Platforms’ actions against hate speech

Written by Alessandra Venier on 14 Sep 2020

Preventing illegal hate speech online is a priority for policymakers worldwide, and the need to do so is increasingly evident. How can governments strike the right balance between tackling the mechanisms and incentives behind the proliferation of illegal hateful content online, while also ensuring that platforms do not enable censorship? A closer look at present and future debates demonstrates the intricacies of keeping an ever-growing number of internet users safe and preserving their fundamental rights.

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What’s next for the digital marketing sector, post-GDPR?

Written by Megan Stagman on 09 Sep 2020

Even with the UK’s digital marketing sector still grappling with the aftershocks of GDPR implementation in 2018, further regulation has been brewing over recent months. The UK Government undertook a consultation on online advertising earlier this year, which it is expected to respond to imminently with new policies in mind. Indeed, it seems if not 2020, then 2021 might be the next watershed moment for the industry. Drawing from recent developments over this summer - including the latest proposals of the Competition and Markets Authority, and the evaluation of the current framework in a DCMS-commissioned study – this blog post will map out what this new wave of regulation might look like.

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Exploring the regulatory and legislative landscape for IoT devices

Written by Alex Rennie on 03 Sep 2020

The Internet of Things (IoT) promises to transform societies and economies. Such widespread transformation is bound to attract increased regulatory and legislative scrutiny. Here we explore the issues on which governments are most likely to focus their attention.

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Introducing the Product Liability Directive (Part II): what about AI?

Written by Giulia Iop on 26 Aug 2020

As we explained in our previous blog, European policy makers are pondering whether to revise the 1985 Product Liability Directive to make it ‘future-proof’ and ensure it remains fit for purpose amidst the growth of new technologies. Both the European Commission and European Parliament have addressed the issue in various formats and within different frameworks, both as part of a broader revision of European product safety regulation and/or as part of a planned regulation on Artificial Intelligence – whose aim would be to address the legal challenges of new automated technologies.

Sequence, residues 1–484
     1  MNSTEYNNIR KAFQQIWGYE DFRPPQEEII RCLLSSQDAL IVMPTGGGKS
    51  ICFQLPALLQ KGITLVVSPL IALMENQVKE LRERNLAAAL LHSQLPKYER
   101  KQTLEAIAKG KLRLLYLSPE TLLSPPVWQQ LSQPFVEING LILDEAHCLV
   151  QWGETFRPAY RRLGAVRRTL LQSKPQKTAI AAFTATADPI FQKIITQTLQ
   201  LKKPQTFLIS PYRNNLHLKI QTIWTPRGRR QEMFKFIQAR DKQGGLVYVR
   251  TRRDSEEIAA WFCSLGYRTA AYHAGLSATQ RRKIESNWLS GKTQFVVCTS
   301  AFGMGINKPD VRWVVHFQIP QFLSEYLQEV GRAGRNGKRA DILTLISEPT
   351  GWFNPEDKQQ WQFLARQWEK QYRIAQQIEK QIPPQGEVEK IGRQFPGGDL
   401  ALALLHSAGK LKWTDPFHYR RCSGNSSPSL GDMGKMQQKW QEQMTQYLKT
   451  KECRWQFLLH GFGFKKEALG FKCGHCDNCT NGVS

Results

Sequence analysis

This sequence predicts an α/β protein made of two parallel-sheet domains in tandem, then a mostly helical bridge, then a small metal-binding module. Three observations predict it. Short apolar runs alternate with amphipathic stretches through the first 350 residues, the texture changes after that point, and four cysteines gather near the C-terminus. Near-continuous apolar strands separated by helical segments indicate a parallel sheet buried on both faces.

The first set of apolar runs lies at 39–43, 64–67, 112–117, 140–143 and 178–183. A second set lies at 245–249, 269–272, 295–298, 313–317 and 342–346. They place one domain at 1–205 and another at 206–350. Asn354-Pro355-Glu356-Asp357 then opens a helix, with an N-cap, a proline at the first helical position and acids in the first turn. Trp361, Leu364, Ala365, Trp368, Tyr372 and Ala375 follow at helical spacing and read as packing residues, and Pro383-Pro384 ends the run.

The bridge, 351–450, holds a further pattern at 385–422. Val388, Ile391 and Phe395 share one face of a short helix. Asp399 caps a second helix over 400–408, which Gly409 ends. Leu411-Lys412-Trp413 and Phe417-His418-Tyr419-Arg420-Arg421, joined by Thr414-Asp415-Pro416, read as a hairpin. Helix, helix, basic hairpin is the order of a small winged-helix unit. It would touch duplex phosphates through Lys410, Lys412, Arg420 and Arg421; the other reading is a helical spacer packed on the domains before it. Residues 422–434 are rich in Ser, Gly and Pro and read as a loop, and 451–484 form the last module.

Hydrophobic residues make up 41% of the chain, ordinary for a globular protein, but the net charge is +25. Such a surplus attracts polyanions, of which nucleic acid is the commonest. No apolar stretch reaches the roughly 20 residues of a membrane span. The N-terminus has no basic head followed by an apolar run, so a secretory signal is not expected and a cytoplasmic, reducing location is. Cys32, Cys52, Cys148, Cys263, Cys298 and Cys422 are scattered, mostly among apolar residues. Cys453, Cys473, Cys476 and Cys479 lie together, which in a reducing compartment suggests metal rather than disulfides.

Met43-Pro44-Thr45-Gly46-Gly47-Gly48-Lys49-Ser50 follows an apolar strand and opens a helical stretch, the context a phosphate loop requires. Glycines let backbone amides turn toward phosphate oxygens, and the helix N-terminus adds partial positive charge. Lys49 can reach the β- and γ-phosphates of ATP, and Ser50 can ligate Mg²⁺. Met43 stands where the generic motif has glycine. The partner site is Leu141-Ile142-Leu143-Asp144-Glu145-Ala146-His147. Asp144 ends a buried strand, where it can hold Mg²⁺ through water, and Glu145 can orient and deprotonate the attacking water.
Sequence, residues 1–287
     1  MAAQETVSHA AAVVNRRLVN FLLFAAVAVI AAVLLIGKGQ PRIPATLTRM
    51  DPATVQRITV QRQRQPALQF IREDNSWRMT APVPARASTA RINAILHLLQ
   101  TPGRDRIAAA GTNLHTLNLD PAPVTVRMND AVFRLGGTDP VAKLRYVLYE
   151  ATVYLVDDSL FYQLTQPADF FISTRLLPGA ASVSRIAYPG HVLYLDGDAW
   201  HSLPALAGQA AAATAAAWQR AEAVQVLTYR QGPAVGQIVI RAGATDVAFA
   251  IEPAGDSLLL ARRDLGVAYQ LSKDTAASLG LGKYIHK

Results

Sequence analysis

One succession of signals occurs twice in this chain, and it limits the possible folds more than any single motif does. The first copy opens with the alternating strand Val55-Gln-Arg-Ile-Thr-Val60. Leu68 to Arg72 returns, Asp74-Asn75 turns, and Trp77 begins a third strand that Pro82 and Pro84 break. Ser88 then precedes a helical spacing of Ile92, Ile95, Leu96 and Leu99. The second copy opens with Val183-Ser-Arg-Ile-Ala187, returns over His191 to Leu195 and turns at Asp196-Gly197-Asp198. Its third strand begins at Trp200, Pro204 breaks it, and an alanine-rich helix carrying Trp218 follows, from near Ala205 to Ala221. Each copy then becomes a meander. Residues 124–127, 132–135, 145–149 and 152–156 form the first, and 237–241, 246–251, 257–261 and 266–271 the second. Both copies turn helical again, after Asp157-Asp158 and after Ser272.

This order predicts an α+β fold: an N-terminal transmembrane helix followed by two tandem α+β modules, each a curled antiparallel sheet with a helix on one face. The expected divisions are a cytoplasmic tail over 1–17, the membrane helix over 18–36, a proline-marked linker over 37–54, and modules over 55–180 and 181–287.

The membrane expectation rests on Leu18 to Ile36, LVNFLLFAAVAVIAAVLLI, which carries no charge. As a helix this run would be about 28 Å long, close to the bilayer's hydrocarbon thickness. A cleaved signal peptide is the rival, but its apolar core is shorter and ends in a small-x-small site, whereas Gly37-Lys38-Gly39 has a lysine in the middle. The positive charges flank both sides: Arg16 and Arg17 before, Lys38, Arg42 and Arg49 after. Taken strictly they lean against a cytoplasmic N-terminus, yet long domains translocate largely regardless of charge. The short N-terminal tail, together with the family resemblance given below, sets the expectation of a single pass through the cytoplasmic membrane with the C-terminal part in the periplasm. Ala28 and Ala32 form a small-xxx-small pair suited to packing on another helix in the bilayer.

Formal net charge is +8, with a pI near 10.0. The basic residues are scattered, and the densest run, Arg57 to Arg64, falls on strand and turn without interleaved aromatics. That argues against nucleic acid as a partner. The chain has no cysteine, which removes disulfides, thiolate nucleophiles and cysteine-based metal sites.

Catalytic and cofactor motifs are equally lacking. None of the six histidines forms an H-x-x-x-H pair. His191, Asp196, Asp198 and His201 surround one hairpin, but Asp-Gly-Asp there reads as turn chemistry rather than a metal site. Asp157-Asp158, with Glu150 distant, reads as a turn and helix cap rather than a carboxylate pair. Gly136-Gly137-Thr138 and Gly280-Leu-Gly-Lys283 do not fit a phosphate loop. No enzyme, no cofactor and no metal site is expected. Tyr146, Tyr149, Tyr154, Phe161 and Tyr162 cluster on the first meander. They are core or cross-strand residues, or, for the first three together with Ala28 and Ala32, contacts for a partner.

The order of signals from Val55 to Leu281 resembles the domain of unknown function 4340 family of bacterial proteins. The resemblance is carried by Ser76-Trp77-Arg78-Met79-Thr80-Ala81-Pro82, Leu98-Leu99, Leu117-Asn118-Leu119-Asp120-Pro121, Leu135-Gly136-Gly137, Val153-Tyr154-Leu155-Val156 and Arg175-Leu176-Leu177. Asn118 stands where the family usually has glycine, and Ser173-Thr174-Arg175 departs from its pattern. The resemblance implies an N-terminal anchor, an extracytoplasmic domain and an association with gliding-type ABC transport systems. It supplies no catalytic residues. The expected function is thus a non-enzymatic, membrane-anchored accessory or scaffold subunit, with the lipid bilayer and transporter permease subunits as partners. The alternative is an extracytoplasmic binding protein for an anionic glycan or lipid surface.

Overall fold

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Introducing the Product Liability Directive (Part I)

Written by Owain Richards on 19 Aug 2020

The continued growth and application of new technologies raises new challenges for regulators and policymakers. Alongside new policy frameworks, existing regulations need to be re-evaluated to ensure that they remain proportionate, effective, fit-for-purpose and ‘future proof’. One such regulation is the Product Liability Directive, with growing calls for it to be reviewed.

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Government must take a holistic view of XR beyond just gaming

Written by Megan Stagman on 24 Jun 2020

The Government responded earlier this month to the Digital, Culture, Media and Sport (DCMS) Select Committee’s recommendations on ‘immersive and addictive technologies’. While it establishes a commitment to proportionate and enabling regulations for the virtual (VR) and augmented reality (AR) industry, both the Committee and the Government miss a trick by failing to see beyond initial gaming applications. Greater understanding of the broad scope that the technology potentially offers will be critical if the UK is to sustain its status as a leader in the space.

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COVID-19: a turning point for online content regulation in the UK?

Written by Alessandra Venier on 10 Jun 2020

As the UK prepares some of the most ambitious online harms legislation in the world, the unprecedented efforts taken by tech companies to curb the spread of COVID-19 falsehoods have raised a number of questions for regulators and policymakers. The UK may need to adapt its original stance on online harms in order to face the ‘new normal’.

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Covid-19 and data privacy pits European governments against US tech once again

Written by Alex Rennie on 03 Jun 2020

Covid-19 and the concerted push by European governments to develop contact-tracing apps has revealed the difficult trade-offs between privacy and public health. Like in previous debates, policymakers and Big Tech find themselves on opposite sides of the argument, although their roles have reversed, with US giants now positioning themselves as the guardians of their users’ privacy by refusing to facilitate centralised apps.